I frequently hear comments from people to the effect that "Studies have shown that students who take (intro) logic courses don't show any signs of improvement in logical/rational/critical thinking." Yet, as an undergrad, I got the opposite impression: I felt that studying logic (and mathematics) in more depth sharpened those skills. My initial Google search on the issue didn't really turn up much.

So, I have some questions regarding the psychology of logic and mathematics.

Question: What studies have been done regarding the effects/benefits to cognitive thinking skills from taking intro logic courses? What about studying probability theory, or even mathematics more generally? How conclusive are they?

Any references would be extremely helpful. I now teach intro logic as a grad student, and if there's something that students consistently miss out on, I would like to know about it so that I can (hopefully) make improvements. Also, any resources in the relation between mathematics and psychology more generally would be beneficial.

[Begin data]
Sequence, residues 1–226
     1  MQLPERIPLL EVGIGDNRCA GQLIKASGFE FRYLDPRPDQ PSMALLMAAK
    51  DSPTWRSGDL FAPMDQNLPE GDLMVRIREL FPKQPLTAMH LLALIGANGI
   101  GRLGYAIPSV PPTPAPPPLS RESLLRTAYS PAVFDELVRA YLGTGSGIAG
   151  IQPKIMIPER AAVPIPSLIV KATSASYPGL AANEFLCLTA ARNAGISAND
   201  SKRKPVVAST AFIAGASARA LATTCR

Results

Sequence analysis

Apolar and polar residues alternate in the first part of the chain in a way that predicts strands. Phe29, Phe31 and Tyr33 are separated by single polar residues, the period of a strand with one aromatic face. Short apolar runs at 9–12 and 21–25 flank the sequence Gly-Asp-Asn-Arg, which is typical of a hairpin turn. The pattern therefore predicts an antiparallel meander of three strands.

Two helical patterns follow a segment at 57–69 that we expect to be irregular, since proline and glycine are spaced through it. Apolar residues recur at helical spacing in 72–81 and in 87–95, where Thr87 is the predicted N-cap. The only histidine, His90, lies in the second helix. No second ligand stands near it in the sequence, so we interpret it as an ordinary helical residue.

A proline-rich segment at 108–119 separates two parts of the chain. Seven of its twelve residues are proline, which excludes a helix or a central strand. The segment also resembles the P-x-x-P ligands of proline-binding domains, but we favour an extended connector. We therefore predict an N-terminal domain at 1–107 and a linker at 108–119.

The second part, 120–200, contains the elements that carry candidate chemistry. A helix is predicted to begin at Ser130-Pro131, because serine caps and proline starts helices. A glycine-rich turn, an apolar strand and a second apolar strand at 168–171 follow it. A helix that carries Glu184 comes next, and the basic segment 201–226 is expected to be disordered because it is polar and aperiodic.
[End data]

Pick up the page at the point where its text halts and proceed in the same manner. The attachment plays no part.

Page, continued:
(I posted this on the MathSE, but was told this would be a better place for this question. If this needs retagging, let me know. I see that this question is similarly related, but I'm particularly interested in intro formal logic courses).


1 Answer 1


Here are some references that may be of use to you:

Contrasting the cognitive effects of graphical and sentential logic teaching: Reasoning, representation and individual differences (Stenning et al, 2007).

The shaping of deduction in Greek mathematics: A study in cognitive history (Netz, 1999). - a bit of a historical context, but I'd imagine that there are similar ideas

A cognitive theory of graphical and linguistic reasoning: Logic and implementation (Stenning and Oberlander, 1995).

A Cognitive Analysis of Problems of Comprehension in a Learning of Mathematics(Duval, 2006)

Perhaps related to your request - The Logic of Scientific Discovery (Popper, 2005).

  • 1
    $\begingroup$ Thanks for the resources! I'll look into them more carefully. $\endgroup$ Jun 28, 2013 at 23:18
  • $\begingroup$ @AlexKocurek no problems at all, I hope they are of use. $\endgroup$
    – user3554
    Jun 28, 2013 at 23:29

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